After months of criticism from hawks on the right and humanitarian interventionists on the left about its alleged projection of “weakness” on the world stage, the Obama administration hit back this week with a speech by the President at the West Point military academy designed to lay out his foreign policy “vision.”
Opponents are prepared to fight the energy sector reforms while the government talks about “the public good.” But, as transnationals are poised to enter the Mexican market, it is apparent that it is not about the oil flow but rather about the capital flow.
Thousands of protesters formed a human chain in Mexico City in April to protest proposed telecommunications legislation. Speakers at the event called the reforms “an assault on free speech and a restriction against access to public information.”
As the World Cup nears, the American company Academi, formerly Blackwater, carried out training of Brazilian military personnel and federal police in April as part of a military cooperation agreement between Brazil and the United States signed in 2010.
The chickens run between the rows of crops at Don Celestino Bartolo’s ranch, a farmer who wipes the sweat from his brow after sowing what may be his last harvest of corn. Rosalino, his son, milks his cows and points with sadness toward the place where they used to fish. A huge wind turbine stands there now–one of 117 installed by the company Gas Natural Fenosa.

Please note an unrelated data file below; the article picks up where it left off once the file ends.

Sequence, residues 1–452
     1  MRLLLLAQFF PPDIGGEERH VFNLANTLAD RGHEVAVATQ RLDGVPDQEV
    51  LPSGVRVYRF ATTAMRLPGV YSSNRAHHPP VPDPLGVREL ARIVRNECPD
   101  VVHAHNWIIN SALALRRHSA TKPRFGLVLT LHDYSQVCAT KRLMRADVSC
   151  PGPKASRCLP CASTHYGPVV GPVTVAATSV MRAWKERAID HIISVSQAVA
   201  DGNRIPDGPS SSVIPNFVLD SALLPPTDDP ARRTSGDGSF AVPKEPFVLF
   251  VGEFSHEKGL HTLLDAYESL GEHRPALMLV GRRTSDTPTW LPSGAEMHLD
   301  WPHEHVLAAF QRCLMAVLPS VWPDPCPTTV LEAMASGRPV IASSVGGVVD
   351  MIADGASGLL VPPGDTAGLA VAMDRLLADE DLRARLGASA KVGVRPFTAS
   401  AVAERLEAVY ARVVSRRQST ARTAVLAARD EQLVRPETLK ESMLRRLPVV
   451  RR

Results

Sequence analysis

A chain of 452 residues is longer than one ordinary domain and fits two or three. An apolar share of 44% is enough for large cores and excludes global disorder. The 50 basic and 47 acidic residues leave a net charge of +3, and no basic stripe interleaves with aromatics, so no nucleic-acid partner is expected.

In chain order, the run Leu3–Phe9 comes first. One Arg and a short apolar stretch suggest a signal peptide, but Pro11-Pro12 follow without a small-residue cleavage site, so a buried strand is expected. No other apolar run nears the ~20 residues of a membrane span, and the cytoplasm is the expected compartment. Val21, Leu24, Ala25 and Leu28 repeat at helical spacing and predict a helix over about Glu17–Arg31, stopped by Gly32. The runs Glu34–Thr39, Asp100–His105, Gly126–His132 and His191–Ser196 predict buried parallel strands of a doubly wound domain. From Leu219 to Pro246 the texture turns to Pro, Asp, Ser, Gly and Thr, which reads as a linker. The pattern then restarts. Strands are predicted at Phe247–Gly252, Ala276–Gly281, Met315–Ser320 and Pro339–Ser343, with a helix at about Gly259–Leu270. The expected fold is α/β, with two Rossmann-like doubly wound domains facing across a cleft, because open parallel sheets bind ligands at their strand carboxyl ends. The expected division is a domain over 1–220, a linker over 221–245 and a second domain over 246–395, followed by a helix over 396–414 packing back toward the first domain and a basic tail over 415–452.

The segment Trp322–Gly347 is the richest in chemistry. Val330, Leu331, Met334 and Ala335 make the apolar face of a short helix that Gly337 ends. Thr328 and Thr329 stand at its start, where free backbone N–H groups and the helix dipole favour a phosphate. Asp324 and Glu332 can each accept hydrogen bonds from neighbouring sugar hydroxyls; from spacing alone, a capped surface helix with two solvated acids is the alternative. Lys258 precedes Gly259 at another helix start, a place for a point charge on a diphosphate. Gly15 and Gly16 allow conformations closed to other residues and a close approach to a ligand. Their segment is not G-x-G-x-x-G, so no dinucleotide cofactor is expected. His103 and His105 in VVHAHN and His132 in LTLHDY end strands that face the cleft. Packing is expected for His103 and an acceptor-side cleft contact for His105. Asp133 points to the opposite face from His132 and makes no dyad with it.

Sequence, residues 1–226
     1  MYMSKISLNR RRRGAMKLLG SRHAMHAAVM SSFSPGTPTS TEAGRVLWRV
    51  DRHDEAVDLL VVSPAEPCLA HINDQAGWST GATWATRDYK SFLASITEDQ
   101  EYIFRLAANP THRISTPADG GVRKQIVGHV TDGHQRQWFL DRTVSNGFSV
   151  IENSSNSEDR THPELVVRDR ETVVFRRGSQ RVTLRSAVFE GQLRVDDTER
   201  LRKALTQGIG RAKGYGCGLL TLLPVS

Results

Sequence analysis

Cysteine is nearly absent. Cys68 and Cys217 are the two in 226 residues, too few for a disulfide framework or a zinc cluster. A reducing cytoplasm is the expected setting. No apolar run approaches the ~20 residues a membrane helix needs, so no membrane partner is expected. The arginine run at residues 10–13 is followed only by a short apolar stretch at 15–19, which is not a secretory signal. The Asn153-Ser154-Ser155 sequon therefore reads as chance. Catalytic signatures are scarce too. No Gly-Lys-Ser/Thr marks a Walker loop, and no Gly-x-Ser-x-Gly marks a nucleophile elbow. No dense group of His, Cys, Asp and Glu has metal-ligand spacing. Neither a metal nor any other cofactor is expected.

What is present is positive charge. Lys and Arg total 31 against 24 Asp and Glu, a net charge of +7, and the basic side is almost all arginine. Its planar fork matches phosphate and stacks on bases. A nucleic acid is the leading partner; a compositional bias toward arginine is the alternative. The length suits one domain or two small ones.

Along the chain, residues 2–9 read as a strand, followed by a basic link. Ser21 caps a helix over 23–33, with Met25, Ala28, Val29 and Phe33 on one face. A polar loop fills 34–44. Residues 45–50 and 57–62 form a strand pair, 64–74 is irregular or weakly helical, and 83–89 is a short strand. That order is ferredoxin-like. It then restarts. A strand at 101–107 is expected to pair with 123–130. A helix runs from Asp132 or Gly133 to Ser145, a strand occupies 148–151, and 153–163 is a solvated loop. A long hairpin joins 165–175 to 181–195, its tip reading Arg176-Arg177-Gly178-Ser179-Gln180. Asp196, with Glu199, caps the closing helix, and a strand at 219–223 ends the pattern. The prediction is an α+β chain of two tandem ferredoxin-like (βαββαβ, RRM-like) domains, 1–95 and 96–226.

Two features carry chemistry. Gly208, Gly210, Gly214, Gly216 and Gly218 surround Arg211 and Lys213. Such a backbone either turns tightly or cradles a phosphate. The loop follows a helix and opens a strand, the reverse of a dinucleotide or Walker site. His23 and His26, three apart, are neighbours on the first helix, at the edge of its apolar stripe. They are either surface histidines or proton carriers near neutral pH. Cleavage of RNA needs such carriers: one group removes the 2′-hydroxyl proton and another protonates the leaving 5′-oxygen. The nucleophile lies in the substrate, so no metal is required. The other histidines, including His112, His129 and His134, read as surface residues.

Gold mining has become a scourge that afflicts most Latin American countries. In some places, a few giant transnational corporations operate. In others, hundreds or even thousands of people crowd into jungle rivers or the guts of mountains for a few grams of gold.
This past year sex workers’ organizations in Mexico City filed legal injunction 112/2013 which prompted the Federal Judiciary to oblige the government of Mexico City to legally recognize sex work as unpaid labor. For activists and sex workers, this decision is considered an “unprecedented victory”.